Scary teeth are for Jack-O-Lanterns

By Dr. Stephanie McGannDMD FAGD, Columnist, The Times

Scary teeth may look great on Halloween night but they never look great the next day. Here are a few tips and tricks that may take a bite out of all that Halloween candy.

Safety first, when that sack of candy comes home after Trick-or-Treating, always take a few minutes to sort through all that loot. Throw away any candy or treats that are not individually wrapped or have ripped or torn wrappers. Beware of homemade goodies — if you don’t know exactly who gave it to you then it may be safer to let them go as well. Also take this time to get rid of selections that you just don’t really like.  This is the part where my parents would each take their “rent” and choose a few of their own personal favorites from my (and my brother’s) haul.

Now let’s take another look at the pile. Sour candies are really hard on teeth. They usually combine hard or sticky candy with citric acid. A double whammy of bad for teeth. If possible limit these treats. My serious no-no is a candy called Toxic Waste. Seriously, the name says it all. Plain chocolates are the safest for teeth. They don’t stick to teeth and are easily washed away by saliva. (Hershey Kisses are my Favorites!)

Time is everything. It’s the amount of time that sugar is in contact with teeth that is a major factor in developing tooth decay. Pick a time, eat the candy and then be done. Don’t snack on it all day. I like to share the story of the roll of lifesavers candy.  While the sugar and calories are the same if you eat the whole roll at once or eat a single piece at a time and spread it out over the whole day, the dental damage is significantly different. After a sugar load your mouth produces acids (that weaken the enamel) it takes time for those acids to be buffered by the saliva.  I recommend putting the candy in a place where it can be dispensed for a once a day treat instead of being available for constant nibbling.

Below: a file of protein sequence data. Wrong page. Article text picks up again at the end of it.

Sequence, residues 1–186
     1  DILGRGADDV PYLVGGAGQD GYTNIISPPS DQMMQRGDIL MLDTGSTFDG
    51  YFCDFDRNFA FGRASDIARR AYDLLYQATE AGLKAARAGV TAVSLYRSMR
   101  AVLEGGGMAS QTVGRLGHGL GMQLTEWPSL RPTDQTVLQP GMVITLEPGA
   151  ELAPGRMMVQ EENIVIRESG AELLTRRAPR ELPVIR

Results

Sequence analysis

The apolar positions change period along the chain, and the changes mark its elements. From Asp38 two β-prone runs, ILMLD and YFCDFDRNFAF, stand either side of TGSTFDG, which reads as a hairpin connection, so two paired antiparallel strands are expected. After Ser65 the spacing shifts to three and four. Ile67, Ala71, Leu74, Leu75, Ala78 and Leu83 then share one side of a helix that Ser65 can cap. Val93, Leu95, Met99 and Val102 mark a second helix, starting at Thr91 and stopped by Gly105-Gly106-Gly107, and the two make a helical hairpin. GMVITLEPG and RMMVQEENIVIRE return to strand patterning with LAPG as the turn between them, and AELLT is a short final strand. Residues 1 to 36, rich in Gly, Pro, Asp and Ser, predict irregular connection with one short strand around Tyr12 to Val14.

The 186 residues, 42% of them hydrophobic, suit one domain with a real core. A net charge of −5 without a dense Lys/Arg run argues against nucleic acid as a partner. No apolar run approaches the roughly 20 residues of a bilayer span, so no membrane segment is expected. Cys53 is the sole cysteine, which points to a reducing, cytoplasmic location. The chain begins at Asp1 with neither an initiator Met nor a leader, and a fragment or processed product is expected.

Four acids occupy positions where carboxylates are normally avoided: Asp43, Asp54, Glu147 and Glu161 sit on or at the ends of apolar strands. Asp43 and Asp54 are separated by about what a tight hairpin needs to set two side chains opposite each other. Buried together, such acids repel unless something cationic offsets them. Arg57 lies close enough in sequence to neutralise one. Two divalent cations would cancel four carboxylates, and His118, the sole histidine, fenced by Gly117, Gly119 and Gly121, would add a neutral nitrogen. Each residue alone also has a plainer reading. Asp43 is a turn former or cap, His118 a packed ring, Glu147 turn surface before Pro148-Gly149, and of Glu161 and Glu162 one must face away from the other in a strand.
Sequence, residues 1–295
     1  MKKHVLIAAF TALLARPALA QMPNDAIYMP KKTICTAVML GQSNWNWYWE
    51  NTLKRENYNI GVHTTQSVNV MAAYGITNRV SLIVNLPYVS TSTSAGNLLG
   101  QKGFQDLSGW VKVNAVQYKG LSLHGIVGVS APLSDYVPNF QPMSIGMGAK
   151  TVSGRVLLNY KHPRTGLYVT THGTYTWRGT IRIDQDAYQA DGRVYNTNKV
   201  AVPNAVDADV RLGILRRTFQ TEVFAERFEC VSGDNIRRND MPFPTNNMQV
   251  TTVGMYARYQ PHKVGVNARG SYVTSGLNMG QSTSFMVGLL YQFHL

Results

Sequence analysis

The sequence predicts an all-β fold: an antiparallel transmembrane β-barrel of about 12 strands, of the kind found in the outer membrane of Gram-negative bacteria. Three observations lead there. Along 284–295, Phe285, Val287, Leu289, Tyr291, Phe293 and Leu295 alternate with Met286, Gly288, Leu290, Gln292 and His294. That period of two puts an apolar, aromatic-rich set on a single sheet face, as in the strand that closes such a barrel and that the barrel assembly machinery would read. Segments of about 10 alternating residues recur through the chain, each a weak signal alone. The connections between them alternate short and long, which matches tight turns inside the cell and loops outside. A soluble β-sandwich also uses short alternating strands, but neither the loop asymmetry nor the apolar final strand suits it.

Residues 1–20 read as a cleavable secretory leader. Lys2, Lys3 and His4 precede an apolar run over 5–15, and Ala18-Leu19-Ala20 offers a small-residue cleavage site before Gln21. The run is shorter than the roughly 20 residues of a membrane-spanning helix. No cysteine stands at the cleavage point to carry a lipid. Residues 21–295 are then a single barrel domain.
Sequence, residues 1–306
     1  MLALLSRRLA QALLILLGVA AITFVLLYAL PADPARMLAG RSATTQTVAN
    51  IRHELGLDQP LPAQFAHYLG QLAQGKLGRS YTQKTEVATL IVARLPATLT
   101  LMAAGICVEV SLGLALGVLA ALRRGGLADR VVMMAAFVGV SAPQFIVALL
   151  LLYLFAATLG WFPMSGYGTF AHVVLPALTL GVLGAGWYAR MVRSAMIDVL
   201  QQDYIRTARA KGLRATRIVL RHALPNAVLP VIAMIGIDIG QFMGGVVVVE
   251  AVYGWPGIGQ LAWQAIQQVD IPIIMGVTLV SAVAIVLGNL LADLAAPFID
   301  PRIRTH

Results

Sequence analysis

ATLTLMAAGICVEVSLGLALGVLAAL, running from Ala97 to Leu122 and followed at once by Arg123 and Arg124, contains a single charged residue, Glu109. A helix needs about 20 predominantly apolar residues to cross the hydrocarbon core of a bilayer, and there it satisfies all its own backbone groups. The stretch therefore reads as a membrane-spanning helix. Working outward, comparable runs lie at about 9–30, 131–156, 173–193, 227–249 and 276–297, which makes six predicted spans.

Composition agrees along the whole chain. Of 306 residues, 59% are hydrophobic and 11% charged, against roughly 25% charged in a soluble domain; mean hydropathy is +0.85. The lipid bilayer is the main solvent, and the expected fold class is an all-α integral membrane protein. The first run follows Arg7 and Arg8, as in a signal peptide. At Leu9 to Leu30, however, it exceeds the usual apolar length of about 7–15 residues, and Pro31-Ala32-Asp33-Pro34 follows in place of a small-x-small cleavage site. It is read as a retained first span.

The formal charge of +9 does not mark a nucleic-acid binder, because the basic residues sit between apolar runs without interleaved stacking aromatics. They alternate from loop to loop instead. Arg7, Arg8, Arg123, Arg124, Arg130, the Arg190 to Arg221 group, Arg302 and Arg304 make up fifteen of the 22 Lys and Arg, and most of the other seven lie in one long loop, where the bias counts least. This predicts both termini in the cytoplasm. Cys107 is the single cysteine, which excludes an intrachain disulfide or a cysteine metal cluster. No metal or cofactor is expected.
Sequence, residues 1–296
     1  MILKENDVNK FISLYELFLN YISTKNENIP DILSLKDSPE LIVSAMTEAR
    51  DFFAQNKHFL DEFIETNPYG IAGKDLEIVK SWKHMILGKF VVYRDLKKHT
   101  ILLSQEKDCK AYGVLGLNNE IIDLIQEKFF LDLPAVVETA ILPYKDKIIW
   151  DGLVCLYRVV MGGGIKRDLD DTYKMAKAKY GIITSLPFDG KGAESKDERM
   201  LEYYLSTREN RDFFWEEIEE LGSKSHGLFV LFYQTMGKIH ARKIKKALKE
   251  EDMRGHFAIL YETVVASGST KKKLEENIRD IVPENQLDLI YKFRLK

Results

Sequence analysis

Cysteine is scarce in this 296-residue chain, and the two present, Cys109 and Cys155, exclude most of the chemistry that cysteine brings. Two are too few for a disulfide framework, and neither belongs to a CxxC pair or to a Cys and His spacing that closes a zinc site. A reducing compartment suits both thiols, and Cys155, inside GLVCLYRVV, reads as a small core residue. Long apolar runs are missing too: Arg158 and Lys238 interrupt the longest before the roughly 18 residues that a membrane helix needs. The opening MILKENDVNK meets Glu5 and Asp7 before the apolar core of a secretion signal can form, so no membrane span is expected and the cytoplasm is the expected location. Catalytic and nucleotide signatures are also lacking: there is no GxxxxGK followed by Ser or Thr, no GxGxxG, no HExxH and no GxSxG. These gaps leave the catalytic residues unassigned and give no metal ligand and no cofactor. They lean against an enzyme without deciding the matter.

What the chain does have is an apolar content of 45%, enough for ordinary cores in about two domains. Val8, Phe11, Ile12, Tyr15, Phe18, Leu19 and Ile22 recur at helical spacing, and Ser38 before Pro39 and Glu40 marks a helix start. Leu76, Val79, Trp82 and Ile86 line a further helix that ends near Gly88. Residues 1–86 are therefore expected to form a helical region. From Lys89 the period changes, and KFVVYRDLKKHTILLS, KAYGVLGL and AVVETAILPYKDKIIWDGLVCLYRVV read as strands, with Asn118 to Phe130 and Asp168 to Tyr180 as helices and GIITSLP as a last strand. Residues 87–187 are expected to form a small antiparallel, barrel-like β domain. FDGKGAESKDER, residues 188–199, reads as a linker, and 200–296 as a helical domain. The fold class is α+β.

To be fair, most of the dental emergencies I see related to Halloween are almost always when grown-ups find themselves eating some of that Halloween loot. That sheepish conversation always begins with “I know better Doc”.  We are all human and even dentists eat candy. Yes, I admit it and the world did not come to an end. So for those of us with more mature teeth. I have a few simple rules.  If it’s super hard or sticky (think MaryJanes or Peanut Chews) just say no.   Folks with dry mouth must stay away from all sour candy.  Milk chocolate is the safest. If you have extensive dental work, think twice before that sticky treat. Be sure you brush and floss and chances are you will survive till morning.

Be sure to brush, floss and use a fluoride supplement during these sugary times. And of course, be sure to see your dentist regularly.

Dr. Stephanie McGann, who has more than two decades of dental practice experience, is a resident of the Unionville area and owns and practices at Rainbow Valley Dental, in Valley. She is a past President of the Chester/Delaware Dental Society and she is a Fellow of the Academy of General Dentistry.

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